How To Detect Which Element Was Clicked, Using jQuery

Sometimes we would like to find out which particular element (or set of elements) has user clicked on. However, binding click events on each element manually might not be the most practical way of accomplishing this. Or we might want to fire a certain event if user clicks on anything but particular element(s). I will describe one of such scenarios below and offer one of possible solutions to it using jQuery.

Example

In our example we have a menu toggle button which shows/hides menu item list. We want the item list to stay open until user clicks on the menu toggle button or somewhere outside the item list.

<!DOCTYPE html>
<html>
<head>
  <meta http-equiv="Content-Type" content="text/html; charset=UTF-8" />
  <title>Menu Toggle</title>
  <style>
    .item-list { display: none; }
    .show-list { display: block; }
  </style>
</head>
<body>
  <div class="main">
    <header>
      <div class="toggle"></div>
      <ul class="item-list">
        <li id="item-1"></li>
        <li id="item-2"></li>
        <li id="item-3"></li>
        <li id="item-4"></li>
      </ul>
    </header>
  </div>
</body>
</html>

Implementing Toggle Button

We have a basic layout with menu list being hidden by default. We have a CSS class .show-list which we can apply to the item list to override display: none; and show the list to the user. Now we need to bind the functionality to .toggle button to add/remove .show-list class to menu list. We can easily do this using jQuery:

// $('.toggle').on('click', function() {}); 
// is equivalent of $('.toggle').click(function() {});
$('.toggle').on('click', function() {
  $('.item-list').toggleClass('show-list');
});

Detecting Out-of-Bounds Clicks

Great, we have toggle button functionality! All we need to do now is figure out a way to detect clicks outside of the menu list and hide the list when out of bounds click is detected. Again, jQuery makes this task an easy one.

// Bind click event listener on the body
// Hide main menu if user clicks anywhere off of the menu itself.
$('body').on('click.hideMenu', function(e) {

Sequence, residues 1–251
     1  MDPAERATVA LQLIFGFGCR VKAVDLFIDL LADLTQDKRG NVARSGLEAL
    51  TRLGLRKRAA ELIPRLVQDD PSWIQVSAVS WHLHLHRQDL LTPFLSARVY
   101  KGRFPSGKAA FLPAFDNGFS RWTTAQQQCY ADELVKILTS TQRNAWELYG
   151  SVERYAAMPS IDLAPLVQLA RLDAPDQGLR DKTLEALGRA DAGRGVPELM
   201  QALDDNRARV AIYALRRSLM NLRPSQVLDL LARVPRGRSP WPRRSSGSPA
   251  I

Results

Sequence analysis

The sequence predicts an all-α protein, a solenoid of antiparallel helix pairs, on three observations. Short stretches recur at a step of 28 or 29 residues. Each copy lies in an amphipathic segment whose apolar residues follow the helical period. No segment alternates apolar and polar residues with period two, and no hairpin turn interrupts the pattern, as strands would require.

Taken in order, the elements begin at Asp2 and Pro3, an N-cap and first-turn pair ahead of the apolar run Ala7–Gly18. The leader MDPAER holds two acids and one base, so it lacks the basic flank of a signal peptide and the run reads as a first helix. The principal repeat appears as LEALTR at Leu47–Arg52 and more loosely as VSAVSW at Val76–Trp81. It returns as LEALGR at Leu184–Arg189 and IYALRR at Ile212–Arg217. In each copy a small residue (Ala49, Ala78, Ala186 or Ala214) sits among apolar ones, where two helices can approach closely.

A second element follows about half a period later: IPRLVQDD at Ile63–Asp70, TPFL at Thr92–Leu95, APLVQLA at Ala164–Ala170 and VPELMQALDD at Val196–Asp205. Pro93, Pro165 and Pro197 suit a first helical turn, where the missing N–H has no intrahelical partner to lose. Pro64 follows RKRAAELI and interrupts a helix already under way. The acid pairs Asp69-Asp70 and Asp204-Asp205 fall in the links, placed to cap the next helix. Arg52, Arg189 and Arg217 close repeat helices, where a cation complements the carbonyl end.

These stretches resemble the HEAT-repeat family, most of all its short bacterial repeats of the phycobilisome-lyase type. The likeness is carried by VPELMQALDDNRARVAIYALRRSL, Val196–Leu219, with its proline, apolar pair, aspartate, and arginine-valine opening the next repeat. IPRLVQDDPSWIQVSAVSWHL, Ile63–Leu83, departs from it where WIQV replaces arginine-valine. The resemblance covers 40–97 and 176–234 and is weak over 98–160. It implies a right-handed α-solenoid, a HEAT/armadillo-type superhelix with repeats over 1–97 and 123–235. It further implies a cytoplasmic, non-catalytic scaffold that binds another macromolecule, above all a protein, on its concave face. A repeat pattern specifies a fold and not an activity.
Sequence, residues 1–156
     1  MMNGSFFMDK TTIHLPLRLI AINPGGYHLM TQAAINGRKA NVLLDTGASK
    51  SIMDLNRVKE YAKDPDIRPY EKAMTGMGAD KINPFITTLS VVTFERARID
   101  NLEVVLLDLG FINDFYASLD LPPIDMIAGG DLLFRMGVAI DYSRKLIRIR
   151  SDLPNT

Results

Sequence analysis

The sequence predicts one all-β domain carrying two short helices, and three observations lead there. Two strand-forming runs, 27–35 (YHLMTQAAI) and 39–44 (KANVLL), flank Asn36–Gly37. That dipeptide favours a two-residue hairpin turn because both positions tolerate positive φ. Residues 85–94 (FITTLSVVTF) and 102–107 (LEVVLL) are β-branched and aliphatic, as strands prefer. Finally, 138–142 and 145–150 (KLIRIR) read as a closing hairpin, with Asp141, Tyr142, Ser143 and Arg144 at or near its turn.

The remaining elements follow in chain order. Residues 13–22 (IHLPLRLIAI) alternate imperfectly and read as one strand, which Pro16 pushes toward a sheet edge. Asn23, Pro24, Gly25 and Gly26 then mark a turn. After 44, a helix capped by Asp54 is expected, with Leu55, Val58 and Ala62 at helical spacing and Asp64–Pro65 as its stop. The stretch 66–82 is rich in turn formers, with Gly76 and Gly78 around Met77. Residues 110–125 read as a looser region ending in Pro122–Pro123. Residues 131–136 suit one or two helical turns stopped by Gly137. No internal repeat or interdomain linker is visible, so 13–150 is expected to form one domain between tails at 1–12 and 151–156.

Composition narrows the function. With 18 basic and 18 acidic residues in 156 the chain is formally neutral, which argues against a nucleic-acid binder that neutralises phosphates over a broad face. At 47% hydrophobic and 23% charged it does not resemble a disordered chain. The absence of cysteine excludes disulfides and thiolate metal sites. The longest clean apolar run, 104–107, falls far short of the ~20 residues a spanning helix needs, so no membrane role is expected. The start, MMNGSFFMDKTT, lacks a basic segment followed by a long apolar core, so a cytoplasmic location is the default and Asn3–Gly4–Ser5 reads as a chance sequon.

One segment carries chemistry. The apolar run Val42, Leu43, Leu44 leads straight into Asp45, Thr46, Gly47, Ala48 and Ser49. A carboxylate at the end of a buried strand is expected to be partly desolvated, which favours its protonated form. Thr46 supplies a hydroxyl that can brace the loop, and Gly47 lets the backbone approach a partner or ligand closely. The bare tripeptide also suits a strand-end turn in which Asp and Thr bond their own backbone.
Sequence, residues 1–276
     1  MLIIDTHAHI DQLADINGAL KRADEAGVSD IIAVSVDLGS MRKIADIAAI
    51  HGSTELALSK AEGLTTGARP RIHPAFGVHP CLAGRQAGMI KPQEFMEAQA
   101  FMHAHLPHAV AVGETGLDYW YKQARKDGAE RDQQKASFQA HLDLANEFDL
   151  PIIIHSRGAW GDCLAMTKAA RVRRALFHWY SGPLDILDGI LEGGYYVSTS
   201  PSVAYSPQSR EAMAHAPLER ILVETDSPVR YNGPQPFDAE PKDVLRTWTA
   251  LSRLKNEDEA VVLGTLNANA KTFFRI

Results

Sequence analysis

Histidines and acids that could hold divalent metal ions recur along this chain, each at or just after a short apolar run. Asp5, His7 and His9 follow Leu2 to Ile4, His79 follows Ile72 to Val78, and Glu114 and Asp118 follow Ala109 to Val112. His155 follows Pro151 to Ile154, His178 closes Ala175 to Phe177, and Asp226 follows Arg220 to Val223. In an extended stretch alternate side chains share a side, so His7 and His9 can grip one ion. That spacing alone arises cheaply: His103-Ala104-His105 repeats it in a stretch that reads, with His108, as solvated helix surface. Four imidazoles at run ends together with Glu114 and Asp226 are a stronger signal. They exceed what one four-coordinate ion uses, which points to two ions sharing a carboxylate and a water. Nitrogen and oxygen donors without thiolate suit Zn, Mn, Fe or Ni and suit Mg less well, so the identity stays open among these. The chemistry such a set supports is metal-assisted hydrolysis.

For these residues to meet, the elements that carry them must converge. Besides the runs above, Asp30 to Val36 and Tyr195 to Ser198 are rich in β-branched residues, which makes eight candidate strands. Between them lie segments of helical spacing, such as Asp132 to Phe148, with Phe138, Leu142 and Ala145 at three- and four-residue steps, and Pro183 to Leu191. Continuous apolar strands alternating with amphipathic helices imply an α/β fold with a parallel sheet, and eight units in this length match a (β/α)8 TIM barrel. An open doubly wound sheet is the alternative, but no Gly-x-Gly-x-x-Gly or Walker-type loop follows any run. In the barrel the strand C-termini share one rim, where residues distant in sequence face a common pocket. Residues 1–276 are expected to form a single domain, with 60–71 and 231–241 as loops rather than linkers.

// Check to see if the list is currently displayed.
  if ($('.item-list').hasClass('show-list')) {
    // If element clicked on is NOT one of the menu list items,
    // hide the menu list.
    if (!$(e.target).parent().hasClass('item-list')) {
      $('.item-list').removeClass('show-list');
    }
  }
});

Code Breakdown

$('body').on('click.hideMenu', callbackFunction);

does the same thing as

$('body').on('click', callbackFunction);

jQuery allows us to namespace event handlers. This way if someone unbinds 'click' event on the body, it will not break our hideMenu handler. If we want to remove this we have to unbind 'click.hideMenu' handler directly.

$(e.target)- Contains DOM element user clicked on.

We can use this object to get anything and everything regarding object user has clicked on. In the code above, I'm checking for parent class of the clicked element. If the parent class is .item-list, then user clicked on one of the menu items.

NOTE: e.target is always going to be the top element clicked. In our scenario, child element is always going to be on top of the parent element. So while every click on the screen is technically click on the body, e.target will always return the furthest child element in the tree that occupies clicked area. However, we might have multiple absolutely positioned elements occupying the same area. In this case, the element with higher z-index will be returned.

Comments

Thank you

Yeah, thanks for the tips, I was looking for something similar.

Very useful!

nice and clean. Thank You!

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